Publishing Partner: Cambridge University Press CUP Extra Publisher Login
amazon logo
More Info


New from Oxford University Press!

ad

Vowel Length From Latin to Romance

By Michele Loporcaro

This book "draws on extensive empirical data, including from lesser known varieties" and "puts forward a new account of a well-known diachronic phenomenon."


New from Cambridge University Press!

ad

Letter Writing and Language Change

Edited By Anita Auer, Daniel Schreier, and Richard J. Watts

This book "challenges the assumption that there is only one 'legitimate' and homogenous form of English or of any other language" and "supports the view of different/alternative histories of the English language and will appeal to readers who are skeptical of 'standard' language ideology."


Academic Paper


Title: Gradient auxiliary selection and impersonal passivization in German: an experimental
Author: Frank Keller
Institution: University of Edinburgh
Author: Antonella Sorace
Email: click here TO access email
Homepage: http://www.ling.ed.ac.uk/~antonell
Institution: University of Edinburgh
Linguistic Field: Linguistic Theories; Syntax
Subject Language: German
Abstract: The main purpose of this paper is to provide experimental evidence that two syntactic reflexes of split intransitivity in German - the selection of perfective auxiliaries and the impersonal passive construction - are sensitive to an aspectual-thematic hierarchy of verb classes. We show that there is a split between 'core' verbs that elicit categorical intuitions from native speakers, and 'intermediate' verbs that exhibit gradience. Furthermore, crossdialectal differences between northern and southern German with respect to auxiliary selection tend to occur only with intermediate verbs. We argue that these findings lend support to the view that the unaccusative-unergative distinction is considerably more unstable than often assumed, and suggest that projectionist theories of the lexicon-syntax interface such as those directly derived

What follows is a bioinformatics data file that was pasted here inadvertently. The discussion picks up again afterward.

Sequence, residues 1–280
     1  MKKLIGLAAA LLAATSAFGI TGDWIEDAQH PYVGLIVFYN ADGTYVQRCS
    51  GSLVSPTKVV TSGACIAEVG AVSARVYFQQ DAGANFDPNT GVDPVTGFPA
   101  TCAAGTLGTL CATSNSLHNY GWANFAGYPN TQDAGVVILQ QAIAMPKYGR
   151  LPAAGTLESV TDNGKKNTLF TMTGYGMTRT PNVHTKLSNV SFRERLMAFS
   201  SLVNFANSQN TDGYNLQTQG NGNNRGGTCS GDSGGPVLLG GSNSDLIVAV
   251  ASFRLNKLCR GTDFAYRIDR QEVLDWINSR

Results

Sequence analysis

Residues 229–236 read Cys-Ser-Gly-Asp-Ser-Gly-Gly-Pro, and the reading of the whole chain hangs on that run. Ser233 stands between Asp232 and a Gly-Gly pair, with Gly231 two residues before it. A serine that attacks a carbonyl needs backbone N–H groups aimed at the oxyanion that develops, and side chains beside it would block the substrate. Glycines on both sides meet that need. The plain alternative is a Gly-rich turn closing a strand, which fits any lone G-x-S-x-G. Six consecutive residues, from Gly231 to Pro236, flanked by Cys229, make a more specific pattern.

from the Unaccusative Hypothesis may not be able to account for the systematic
variation exhibited by the data.

CUP AT LINGUIST

This article appears IN Journal of Linguistics Vol. 39, Issue 1, which you can READ on Cambridge's site or on LINGUIST .



Add a new paper
Return to Academic Papers main page
Return to Directory of Linguists main page